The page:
This study outlines factors that are associated with non-attendance within the Irish national diabetic retinopathy screening service. Some of the factors listed give insight into which population subgroups may benefit from a targeted intervention.
Ting DSW, Cheung GCM, Wong TY (2016) Diabetic retinopathy: global prevalence, major risk factors, screening practices and public health challenges: a review. Clin Exp Ophthalmol 44:260–277. https://doi.org/10.1111/ceo.12696
Scanlon PH (2017) The english national screening programme for diabetic retinopathy 2003–2016. Acta Diabetol 54:515–525. https://doi.org/10.1007/s00592-017-0974-1
Gangwani RA, Lian JX, McGhee SM et al (2016) Diabetic retinopathy screening: global and local perspective. Hong Kong Med J 22:486–495. https://doi.org/10.12809/hkmj164844
Pandey R, Morgan MM, Murphy C et al (2020) Irish National Diabetic RetinaScreen Programme: report on five rounds of retinopathy screening and screen-positive referrals (INDEAR study report no 1). Br J Ophthalmol. https://doi.org/10.1136/bjophthalmol-2020-317508
Brewster S, Bartholomew J, Holt RIG, Price H (2020) Non-attendance at diabetes outpatient appointments: a systematic review. Diabet Med. https://doi.org/10.1111/dme.14241
Zoega GM, Gunnarsdóttir T, Björnsdóttir S et al (2005) Screening compliance and visual outcome in diabetes. Acta Ophthalmol Scand 83:687–690. https://doi.org/10.1111/j.1600-0420.2005.00541.x
Rhatigan MC, Leese GP, Ellis J et al (1999) Blindness in patients with diabetes who have been screened for eye disease. Eye 13:166–169. https://doi.org/10.1038/eye.1999.44
Forster AS, Forbes A, Dodhia H et al (2013) Non-attendance at diabetic eye screening and risk of sight-threatening diabetic retinopathy: a population-based cohort study. Diabetologia 56:2187–2193. https://doi.org/10.1007/s00125-013-2975-0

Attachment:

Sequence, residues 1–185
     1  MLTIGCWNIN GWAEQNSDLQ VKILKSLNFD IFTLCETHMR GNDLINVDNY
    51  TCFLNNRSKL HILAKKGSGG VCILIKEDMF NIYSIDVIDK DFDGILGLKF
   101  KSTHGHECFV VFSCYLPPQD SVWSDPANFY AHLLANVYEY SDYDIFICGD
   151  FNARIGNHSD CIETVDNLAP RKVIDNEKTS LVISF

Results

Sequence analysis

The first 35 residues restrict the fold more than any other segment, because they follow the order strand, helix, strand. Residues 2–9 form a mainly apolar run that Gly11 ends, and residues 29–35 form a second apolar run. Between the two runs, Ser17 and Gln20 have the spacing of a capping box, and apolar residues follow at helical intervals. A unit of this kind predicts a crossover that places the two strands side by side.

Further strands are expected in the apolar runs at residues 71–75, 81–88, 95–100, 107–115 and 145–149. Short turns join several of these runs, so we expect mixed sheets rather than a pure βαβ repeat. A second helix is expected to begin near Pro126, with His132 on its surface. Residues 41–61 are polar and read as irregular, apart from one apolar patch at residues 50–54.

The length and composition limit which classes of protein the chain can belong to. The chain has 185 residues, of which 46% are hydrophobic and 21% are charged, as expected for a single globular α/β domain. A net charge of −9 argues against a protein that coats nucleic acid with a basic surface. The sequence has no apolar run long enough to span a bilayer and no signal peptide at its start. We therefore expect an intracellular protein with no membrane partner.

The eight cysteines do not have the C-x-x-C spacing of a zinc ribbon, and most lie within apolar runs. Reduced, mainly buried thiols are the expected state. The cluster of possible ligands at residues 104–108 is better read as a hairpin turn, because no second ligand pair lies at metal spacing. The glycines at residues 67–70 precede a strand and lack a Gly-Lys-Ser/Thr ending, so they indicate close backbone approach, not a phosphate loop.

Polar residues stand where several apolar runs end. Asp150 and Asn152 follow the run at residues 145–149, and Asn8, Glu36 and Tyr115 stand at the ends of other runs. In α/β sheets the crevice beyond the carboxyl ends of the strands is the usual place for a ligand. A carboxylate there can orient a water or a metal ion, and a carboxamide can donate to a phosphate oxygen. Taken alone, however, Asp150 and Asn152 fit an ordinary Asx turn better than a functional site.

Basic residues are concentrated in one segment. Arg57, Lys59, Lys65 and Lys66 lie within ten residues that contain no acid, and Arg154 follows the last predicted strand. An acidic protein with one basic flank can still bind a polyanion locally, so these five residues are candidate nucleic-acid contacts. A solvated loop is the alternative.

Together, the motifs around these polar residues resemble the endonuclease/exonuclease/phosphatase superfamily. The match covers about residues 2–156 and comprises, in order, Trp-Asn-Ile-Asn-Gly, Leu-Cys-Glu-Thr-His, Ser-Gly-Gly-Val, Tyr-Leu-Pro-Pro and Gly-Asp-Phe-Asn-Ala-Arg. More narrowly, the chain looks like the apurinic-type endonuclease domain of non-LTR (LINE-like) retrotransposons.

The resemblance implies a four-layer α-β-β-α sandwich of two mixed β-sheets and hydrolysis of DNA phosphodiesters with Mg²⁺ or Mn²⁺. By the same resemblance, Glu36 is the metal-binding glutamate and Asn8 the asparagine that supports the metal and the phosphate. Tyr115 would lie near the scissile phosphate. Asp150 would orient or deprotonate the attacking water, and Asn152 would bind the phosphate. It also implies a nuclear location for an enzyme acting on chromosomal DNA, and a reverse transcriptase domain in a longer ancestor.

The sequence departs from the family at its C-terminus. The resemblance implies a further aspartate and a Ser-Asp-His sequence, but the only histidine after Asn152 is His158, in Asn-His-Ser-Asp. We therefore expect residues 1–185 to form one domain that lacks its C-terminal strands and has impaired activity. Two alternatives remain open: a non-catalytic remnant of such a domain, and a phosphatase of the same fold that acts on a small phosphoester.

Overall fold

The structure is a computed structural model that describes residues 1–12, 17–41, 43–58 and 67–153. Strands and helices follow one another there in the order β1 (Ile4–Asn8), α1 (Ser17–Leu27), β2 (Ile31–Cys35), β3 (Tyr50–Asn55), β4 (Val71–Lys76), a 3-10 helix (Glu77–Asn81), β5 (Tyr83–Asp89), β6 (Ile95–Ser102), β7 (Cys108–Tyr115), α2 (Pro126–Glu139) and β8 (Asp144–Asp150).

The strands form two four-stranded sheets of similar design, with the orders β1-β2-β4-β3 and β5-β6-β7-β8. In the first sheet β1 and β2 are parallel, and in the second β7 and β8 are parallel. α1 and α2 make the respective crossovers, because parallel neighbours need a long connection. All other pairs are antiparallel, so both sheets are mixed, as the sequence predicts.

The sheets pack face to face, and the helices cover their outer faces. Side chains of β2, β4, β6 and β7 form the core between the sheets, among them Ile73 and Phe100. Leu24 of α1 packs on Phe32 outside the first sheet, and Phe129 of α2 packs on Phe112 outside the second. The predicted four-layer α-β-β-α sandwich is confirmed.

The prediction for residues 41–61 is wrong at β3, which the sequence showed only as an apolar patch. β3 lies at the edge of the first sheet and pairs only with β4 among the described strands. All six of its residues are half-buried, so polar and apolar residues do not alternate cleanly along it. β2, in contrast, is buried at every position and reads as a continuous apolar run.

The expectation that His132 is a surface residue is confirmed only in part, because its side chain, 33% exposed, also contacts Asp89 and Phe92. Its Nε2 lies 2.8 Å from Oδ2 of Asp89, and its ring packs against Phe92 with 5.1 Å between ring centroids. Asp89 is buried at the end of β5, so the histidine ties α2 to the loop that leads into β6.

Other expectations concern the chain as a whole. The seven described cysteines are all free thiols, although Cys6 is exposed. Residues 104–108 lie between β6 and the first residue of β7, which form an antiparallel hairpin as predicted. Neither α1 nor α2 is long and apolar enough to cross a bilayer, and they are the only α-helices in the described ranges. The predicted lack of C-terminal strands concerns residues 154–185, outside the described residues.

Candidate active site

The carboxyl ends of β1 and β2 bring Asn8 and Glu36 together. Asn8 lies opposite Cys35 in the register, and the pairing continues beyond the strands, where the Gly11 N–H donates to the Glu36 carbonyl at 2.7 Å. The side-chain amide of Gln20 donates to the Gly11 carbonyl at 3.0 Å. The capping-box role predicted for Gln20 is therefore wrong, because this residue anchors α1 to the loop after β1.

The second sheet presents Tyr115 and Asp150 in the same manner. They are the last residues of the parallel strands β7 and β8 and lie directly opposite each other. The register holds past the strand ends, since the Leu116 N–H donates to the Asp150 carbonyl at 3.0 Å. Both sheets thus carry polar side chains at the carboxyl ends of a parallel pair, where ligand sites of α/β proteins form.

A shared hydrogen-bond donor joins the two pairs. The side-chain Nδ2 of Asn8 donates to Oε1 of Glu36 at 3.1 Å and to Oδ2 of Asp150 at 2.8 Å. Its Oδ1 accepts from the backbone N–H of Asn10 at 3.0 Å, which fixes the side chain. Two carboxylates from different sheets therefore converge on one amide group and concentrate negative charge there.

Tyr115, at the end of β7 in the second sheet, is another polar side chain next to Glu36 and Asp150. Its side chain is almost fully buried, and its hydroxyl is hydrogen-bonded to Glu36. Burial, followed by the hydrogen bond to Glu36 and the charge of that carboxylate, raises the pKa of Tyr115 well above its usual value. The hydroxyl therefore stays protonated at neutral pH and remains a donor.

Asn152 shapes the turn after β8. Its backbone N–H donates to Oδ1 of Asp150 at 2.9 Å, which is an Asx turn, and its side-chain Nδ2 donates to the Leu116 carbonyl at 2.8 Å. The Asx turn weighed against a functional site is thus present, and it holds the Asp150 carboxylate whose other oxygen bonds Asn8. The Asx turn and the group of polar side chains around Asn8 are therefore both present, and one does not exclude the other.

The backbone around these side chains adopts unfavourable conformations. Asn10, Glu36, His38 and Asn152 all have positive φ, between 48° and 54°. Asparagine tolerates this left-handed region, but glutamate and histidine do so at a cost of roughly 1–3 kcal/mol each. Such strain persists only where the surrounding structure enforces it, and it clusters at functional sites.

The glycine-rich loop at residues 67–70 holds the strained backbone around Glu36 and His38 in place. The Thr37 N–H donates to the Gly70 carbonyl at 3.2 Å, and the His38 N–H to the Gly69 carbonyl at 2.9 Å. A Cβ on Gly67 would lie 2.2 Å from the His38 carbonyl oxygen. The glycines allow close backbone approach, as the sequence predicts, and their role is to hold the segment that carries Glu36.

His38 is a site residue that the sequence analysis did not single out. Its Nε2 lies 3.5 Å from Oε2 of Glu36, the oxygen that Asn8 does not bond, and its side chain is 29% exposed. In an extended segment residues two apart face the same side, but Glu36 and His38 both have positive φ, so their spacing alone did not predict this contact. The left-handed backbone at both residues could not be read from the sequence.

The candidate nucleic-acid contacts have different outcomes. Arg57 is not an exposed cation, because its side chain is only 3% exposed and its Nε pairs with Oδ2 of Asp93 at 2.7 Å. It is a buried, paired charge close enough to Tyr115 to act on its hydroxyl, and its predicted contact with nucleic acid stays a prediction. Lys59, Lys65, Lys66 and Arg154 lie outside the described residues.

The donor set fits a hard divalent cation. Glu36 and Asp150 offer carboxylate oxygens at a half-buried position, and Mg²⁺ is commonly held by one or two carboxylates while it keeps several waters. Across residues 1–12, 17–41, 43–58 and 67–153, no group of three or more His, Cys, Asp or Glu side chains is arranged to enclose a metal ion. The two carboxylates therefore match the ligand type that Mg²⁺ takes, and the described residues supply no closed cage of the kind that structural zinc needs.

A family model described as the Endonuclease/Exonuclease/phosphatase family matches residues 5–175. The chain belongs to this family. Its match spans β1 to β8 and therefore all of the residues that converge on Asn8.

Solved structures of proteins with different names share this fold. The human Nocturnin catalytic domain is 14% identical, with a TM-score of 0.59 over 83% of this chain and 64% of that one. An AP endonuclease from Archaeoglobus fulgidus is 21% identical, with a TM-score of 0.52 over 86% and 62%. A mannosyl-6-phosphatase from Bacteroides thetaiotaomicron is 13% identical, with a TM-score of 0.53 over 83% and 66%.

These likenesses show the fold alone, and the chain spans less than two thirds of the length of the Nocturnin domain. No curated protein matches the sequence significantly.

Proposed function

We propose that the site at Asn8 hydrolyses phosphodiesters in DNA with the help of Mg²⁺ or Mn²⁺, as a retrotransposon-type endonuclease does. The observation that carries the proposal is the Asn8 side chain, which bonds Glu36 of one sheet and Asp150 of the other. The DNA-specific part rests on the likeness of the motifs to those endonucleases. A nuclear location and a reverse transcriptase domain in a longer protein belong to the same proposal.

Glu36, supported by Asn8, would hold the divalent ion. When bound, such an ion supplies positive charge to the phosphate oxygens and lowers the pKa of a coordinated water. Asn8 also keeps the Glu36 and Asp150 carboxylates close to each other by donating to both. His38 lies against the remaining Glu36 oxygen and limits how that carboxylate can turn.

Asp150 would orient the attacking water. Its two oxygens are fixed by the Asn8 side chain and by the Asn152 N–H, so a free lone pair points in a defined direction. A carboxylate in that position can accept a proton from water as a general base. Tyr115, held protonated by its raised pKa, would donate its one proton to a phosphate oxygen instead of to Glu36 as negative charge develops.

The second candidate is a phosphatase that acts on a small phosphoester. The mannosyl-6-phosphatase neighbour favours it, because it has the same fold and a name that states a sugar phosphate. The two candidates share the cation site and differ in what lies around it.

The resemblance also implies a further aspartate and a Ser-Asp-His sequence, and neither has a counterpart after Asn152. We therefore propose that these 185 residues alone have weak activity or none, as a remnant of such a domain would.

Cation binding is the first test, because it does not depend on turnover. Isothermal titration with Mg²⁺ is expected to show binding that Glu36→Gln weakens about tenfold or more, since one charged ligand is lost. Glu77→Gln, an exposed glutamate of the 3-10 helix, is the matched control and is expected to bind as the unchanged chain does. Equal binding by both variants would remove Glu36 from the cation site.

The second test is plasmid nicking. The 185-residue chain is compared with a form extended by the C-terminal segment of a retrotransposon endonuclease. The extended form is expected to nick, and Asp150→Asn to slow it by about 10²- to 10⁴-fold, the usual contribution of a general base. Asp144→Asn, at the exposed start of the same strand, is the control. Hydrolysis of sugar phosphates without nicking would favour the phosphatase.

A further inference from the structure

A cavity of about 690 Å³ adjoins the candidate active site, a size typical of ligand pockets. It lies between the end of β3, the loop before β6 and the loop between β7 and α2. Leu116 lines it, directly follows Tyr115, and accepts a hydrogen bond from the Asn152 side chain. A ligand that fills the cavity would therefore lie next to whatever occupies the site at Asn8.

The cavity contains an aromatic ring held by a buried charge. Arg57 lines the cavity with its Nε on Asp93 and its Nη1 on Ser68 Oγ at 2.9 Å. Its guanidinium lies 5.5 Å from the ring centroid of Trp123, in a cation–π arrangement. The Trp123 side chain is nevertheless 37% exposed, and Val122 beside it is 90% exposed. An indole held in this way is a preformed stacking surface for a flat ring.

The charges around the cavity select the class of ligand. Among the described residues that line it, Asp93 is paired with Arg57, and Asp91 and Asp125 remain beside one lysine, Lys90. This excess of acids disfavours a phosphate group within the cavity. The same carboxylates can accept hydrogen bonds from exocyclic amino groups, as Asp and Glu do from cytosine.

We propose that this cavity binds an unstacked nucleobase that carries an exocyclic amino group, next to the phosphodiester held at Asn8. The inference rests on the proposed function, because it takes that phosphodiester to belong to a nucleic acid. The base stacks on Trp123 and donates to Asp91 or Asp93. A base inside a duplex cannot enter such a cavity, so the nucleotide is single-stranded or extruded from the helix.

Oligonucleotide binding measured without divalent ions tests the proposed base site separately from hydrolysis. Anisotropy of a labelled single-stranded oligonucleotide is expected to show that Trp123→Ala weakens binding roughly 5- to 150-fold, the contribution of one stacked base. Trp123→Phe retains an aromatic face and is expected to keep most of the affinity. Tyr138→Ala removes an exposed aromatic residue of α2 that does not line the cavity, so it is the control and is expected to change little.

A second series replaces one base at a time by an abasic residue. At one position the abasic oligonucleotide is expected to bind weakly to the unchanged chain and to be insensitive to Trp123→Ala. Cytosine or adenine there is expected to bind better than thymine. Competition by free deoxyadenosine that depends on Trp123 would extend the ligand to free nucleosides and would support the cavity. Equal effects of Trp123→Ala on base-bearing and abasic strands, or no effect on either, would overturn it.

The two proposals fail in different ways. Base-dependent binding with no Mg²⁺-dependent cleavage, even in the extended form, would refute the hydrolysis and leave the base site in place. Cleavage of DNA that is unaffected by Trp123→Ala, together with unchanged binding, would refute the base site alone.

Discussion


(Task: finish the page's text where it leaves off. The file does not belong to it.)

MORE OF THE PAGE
Waqar S, Bullen G, Chant S et al (2012) Cost implications, deprivation and geodemographic segmentation analysis of non-attenders (DNA) in an established diabetic retinopathy screening programme. Diabetes Metab Syndr 6:199–202. https://doi.org/10.1016/j.dsx.2012.08.009
Kashim RM, Newton P, Ojo O (2018) Diabetic retinopathy screening: a systematic review on patients’ non-attendance. Int J Environ Res Pub Health. https://doi.org/10.3390/ijerph15010157
Yau JWY, Rogers SL, Kawasaki R et al (2012) Global prevalence and major risk factors of diabetic retinopathy. Diabetes Care 35:556–564. https://doi.org/10.2337/dc11-1909
Stefánsson E, Bek T, Porta M et al (2000) Screening and prevention of diabetic blindness. Acta Ophthalmol Scand 78:374–385. https://doi.org/10.1034/j.1600-0420.2000.078004374.x
Jones S, Edwards RT (2010) Diabetic retinopathy screening: a systematic review of the economic evidence. Diabet Med 27:249–256. https://doi.org/10.1111/j.1464-5491.2009.02870.x
Jones CD, Greenwood RH, Misra A, Bachmann MO (2012) Incidence and progression of diabetic retinopathy during 17 years of a population-based screening program in England. Diabetes Care 35:592–596. https://doi.org/10.2337/dc11-0943
Thomas RL, Dunstan F, Luzio SD et al (2012) Incidence of diabetic retinopathy in people with type 2 diabetes mellitus attending the diabetic retinopathy screening service for wales: retrospective analysis. BMJ 344:e874. https://doi.org/10.1136/bmj.e874
Stone MA, Charpentier G, Doggen K et al (2013) Quality of care of people with type 2 diabetes in eight European countries: findings from the guideline adherence to enhance care (GUIDANCE) study. Diabetes Care 36:2628–2638. https://doi.org/10.2337/dc12-1759
Vujosevic S, Aldington SJ, Silva P et al (2020) Screening for diabetic retinopathy: new perspectives and challenges. Lancet Diabetes Endocrinol 8:337–347. https://doi.org/10.1016/S2213-8587(19)30411-5
Tracey M, Racine E, Riordan F et al (2019) Understanding the uptake of a national retinopathy screening programme: an audit of patients with diabetes in two large primary care centres. HRB Open Res 2:17. https://doi.org/10.12688/hrbopenres.12926.1
Broadbent DM, Sampson CJ, Wang A et al (2019) Individualised screening for diabetic retinopathy: the ISDR study-rationale, design and methodology for a randomised controlled trial comparing annual and individualised risk-based variable-interval screening. BMJ Open 9:e025788. https://doi.org/10.1136/bmjopen-2018-025788
Harding SP, Sampson CJ, Criddle TM et al (2019) The costs of screening for sight-threatening diabetic retinopathy. Invest Ophthalmol Vis Sci 60:4802–4802
Riordan F, Racine E, Phillip ET et al (2020) Development of an intervention to facilitate implementation and uptake of diabetic retinopathy screening. Implement Sci 15:34. https://doi.org/10.1186/s13012-020-00982-4
Gulliford MC, Dodhia H, Chamley M et al (2010) Socio-economic and ethnic inequalities in diabetes retinal screening. Diabet Med 27:282–288. https://doi.org/10.1111/j.1464-5491.2010.02946.x